A drop of the sea.

An interesting example of how a transcription error becomes perpetuated by cultural and spiritual needs.

 

Here is a diatom from a drop of sea water, providing an image of a holy trinity – Father, Mother, Son

https://www.micropia.nl/en/discover/microbiology/diatom/

 

And here is a “star of the sea”

Triceratium sp. diatom algae — Stock Photo

https://focusedcollection.com/160169584/stock-photo-triceratium-sp-diatom-algae.html

 

 

https://en.wikipedia.org/wiki/Our_Lady,_Star_of_the_Sea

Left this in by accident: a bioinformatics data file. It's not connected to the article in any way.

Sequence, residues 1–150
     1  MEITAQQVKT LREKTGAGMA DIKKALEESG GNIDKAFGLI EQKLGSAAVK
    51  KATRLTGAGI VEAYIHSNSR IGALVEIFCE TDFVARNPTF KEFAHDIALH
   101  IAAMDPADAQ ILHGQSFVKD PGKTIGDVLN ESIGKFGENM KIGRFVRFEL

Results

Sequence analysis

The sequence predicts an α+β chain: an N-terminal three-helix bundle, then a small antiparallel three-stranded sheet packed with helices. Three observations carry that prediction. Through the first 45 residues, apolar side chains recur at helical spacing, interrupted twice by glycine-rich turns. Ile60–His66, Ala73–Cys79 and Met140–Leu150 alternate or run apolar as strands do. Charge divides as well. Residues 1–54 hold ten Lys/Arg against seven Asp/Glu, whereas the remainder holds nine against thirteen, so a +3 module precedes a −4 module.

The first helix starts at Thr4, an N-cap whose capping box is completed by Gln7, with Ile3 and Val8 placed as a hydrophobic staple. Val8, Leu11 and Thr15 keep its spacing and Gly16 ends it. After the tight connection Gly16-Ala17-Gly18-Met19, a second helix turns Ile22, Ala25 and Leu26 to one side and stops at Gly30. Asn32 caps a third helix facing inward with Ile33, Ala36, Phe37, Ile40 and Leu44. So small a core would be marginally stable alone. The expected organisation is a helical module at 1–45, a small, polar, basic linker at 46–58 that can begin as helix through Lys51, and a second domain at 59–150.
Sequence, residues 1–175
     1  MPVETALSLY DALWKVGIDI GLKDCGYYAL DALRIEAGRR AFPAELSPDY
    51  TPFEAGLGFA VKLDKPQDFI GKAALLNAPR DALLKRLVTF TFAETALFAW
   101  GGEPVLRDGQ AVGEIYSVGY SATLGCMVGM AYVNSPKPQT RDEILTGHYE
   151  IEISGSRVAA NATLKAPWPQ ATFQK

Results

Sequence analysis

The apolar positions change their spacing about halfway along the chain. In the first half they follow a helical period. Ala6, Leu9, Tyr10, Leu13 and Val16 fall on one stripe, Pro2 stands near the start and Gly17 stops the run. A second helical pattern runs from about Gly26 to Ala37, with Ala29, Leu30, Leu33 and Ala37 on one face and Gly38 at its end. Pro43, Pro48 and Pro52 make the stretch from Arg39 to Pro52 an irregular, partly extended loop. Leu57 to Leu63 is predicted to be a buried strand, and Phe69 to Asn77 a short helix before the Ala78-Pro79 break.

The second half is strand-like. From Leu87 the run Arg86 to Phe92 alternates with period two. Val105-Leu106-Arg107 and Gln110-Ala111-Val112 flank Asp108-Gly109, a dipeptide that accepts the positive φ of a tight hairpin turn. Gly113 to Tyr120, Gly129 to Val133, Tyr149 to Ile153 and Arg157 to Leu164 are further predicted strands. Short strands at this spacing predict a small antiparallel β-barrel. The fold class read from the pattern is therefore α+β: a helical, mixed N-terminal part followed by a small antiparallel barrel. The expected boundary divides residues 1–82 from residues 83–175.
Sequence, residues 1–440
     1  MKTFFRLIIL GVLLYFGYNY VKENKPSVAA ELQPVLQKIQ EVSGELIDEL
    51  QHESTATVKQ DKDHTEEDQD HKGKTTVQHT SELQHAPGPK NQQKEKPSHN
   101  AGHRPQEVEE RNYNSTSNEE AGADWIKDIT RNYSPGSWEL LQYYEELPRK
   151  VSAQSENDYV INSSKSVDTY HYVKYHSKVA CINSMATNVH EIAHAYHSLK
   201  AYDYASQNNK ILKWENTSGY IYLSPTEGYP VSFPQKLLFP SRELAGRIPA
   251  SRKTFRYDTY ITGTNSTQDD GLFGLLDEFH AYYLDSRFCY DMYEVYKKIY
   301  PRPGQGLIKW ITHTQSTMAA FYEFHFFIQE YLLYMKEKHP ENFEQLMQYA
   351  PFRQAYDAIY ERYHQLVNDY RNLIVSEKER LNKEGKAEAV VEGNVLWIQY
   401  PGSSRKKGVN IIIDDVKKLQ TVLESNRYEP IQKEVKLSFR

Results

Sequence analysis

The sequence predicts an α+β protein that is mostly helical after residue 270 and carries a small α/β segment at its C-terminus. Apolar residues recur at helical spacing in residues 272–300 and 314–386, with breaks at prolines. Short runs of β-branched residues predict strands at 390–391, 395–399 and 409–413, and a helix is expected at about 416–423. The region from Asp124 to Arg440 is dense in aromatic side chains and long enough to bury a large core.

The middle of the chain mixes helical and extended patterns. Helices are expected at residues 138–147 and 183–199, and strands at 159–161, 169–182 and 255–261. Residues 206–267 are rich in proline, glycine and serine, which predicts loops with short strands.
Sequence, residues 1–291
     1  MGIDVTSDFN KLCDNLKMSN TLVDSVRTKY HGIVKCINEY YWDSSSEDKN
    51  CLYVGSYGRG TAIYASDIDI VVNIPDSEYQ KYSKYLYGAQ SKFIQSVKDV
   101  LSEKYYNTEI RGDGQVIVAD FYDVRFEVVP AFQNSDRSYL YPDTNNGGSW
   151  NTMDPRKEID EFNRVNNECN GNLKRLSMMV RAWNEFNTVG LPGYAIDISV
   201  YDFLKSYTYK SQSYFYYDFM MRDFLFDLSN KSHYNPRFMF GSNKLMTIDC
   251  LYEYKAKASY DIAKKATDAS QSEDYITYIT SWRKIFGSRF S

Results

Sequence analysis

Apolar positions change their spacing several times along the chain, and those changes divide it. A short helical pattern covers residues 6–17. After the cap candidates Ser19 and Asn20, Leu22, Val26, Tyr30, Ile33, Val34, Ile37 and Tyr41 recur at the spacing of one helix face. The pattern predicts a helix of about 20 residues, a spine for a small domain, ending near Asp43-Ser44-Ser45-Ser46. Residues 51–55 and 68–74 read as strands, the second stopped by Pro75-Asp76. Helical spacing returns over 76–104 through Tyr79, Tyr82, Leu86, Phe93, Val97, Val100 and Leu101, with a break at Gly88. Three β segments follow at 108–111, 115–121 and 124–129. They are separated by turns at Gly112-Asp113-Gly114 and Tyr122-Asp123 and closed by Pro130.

The name stella maris is first applied to the Virgin Mary in the manuscript tradition of Saint Jerome’s Latin translation of the Onomasticon by Eusebius of Caesarea, although this is in fact a misnomer based on a transcription error. For reaching this meaning the Hebrew name מרים‎ (originally pronounced “Maryam”, but by Masoretic times pronounced “Miryam”) was first rendered into Greek as Mariam (Μαριάμ). It was this form that was etymologized by Eusebius. He interpreted Maryām as mar-yam (מר-ים‎) “drop of the sea”, based on מר‎ mar, a rare biblical word for “drop”. St Jerome adopted this interpretation and translated the name into Latin as stilla maris, “drop of the sea”, but at some later stage a copyist transcribed this into stella maris, “star of the sea”, and this transcription error became widespread.


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